OIG Finds Flaws in Border Patrol Drone Program

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“The $443 million CBP plans to spend on the Unmanned Aircraft Program expansion could be put to better use by investing in alternatives.” Office of the Inspector General

As border security has become a more prevalent policy issue, the U.S. Customs and Border Protection (CBP) Office of Air and Marine (OAM) has deployed unmanned aerial systems (UAS or ‘drones’) to the U.S.-Mexico border. The use of UAS is an attempt to focus on areas more susceptible to illegal immigration, and reduce the burden on CBP ground forces.

The U.S. Department of Homeland Security’s (DHS) Office of the Inspector General (OIG) recently released its report on the CBP’s drone program titled U.S.Customs and Border Protection’s Unmanned Aircraft System Program Does Not Achieve Intended Results or Recognize All Costs of Operations. The report sought to evaluate the “effectiveness and cost of the Unmanned Aircraft System Program.”

The OIG took issue with CBP’s evaluation of UAS operation costs. According to the report, the actual UAS operating cost per flight hour is $12,225, which is almost five times CBP’s calculation of $2,468. The report’s biggest dispute with the UAS program was the lack of established goals or measurable data. Without these metrics, the OIG could not justify the substantial allocation of resources to the program. The OIG emphasized this viewpoint by stating “[t]he $443 million CBP plans to spend on program expansion could be put to better use by investing in alternatives.”

The report concludes with four recommendations to the CBP Commissioner:

  • Recommendation 1: “Conduct an independent study of the UAS program, before acquiring more aircraft, to determine whether (1) Additional unmanned aircraft are needed and justified; and (2) Future funding should be used to invest in the current program or invested in other alternatives, such as manned aircraft and ground assets, to enhance surveillance needs.”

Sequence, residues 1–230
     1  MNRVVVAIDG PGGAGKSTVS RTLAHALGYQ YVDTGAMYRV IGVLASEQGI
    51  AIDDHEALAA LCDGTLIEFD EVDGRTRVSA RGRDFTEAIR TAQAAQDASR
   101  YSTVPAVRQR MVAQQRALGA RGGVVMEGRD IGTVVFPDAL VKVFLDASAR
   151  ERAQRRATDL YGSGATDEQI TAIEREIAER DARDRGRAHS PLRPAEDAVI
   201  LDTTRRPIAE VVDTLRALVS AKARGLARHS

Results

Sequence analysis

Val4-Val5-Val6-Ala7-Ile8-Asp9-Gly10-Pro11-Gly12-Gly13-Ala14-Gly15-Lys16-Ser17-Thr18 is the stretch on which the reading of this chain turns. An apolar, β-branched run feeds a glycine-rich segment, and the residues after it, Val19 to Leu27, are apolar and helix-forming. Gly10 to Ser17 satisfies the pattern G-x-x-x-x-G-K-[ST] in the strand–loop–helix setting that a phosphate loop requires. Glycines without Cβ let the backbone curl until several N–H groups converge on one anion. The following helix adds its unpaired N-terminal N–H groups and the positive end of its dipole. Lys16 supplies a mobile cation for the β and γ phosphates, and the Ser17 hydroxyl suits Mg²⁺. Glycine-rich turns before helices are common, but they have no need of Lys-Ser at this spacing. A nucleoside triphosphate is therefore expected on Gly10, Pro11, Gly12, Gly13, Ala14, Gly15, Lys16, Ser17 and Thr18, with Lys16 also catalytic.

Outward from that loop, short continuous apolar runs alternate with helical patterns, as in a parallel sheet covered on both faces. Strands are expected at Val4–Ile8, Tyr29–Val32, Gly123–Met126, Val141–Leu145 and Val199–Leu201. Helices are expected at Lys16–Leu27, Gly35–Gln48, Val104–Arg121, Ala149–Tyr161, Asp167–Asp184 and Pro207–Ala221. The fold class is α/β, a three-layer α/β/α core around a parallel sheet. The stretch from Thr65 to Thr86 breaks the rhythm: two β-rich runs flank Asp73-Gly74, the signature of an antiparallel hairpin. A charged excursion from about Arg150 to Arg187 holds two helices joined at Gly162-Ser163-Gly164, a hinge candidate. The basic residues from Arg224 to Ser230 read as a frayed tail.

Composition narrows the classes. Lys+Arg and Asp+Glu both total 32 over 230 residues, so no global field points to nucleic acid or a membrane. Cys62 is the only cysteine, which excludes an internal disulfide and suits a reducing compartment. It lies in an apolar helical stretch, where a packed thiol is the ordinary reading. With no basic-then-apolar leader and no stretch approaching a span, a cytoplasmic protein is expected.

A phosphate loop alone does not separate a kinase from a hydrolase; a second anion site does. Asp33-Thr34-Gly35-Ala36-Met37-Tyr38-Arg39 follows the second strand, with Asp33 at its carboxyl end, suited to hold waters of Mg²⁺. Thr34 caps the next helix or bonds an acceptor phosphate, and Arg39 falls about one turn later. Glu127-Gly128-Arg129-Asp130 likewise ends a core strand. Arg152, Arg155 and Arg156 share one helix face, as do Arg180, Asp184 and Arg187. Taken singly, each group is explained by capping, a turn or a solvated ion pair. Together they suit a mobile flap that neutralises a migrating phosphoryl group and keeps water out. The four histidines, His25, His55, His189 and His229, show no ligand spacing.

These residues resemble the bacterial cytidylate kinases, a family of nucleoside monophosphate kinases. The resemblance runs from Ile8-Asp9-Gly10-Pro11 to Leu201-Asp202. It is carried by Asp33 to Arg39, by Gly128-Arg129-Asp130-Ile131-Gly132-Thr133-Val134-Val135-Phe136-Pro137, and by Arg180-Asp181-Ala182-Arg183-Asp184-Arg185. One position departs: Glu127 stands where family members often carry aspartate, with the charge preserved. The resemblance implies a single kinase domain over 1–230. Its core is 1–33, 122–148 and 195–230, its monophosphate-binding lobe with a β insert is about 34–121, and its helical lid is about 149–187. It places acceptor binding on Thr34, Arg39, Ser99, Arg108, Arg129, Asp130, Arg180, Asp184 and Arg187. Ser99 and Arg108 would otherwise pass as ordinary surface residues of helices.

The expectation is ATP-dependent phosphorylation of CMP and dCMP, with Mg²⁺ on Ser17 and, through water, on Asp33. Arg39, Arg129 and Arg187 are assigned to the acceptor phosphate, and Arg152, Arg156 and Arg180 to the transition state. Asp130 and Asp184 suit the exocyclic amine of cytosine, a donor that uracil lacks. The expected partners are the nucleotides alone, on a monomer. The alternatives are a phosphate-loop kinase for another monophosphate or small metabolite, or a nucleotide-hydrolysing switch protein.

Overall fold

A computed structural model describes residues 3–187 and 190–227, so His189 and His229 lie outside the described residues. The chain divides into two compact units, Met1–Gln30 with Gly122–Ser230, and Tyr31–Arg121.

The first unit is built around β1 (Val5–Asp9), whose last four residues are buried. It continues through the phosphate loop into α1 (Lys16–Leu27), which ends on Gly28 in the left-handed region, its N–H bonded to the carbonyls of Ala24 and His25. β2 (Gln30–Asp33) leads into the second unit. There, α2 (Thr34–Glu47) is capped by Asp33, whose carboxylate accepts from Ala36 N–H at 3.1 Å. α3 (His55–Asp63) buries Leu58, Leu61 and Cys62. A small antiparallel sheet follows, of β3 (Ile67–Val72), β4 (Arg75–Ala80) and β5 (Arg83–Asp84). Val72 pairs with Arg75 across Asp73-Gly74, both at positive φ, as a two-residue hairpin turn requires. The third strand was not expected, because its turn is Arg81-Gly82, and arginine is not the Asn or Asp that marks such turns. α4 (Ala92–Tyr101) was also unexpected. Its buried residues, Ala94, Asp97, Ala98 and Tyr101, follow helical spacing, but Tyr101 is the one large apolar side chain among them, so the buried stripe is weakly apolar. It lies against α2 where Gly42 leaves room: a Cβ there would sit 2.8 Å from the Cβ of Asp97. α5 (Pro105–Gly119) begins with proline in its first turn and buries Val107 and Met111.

• Recommendation 2: “Require the Joint Field Command [JFC] to lift the limitations on Vehicle Dismount and Exploitation Radar [VADER] and allow the analysis expected in the original plan for the sensor’s operation.”
  • Recommendation 3: “Require OAM to revise its UAS Concept of Operations to include attainable goals for the program, along with verifiable performance measures.”
  • Recommendation 4: “Require OAM to develop policies and procedures to ensure that it accumulates and reports all costs associated with the UAS program and other OAM flight programs.”

CBP’s response to the report was to concur outright with Recommendation 3, stating that it had “already begun the process to revise its UAS Concept of Operations, which will include performance measures.” CBP also concurred in principle with the remaining three recommendations. CBP’s detailed responses which clarify their viewpoints and future intent are also included in the report’s Appendix B.

For more resources on Border Security, Immigration, and Unmanned Systems, visit the Homeland Security Digital Library (some resources may require HSDL login).

 

Article formerly posted at https://www.hsdl.org/blog/newpost/view/oig-finds-flaws-in-border-patrol-drone-program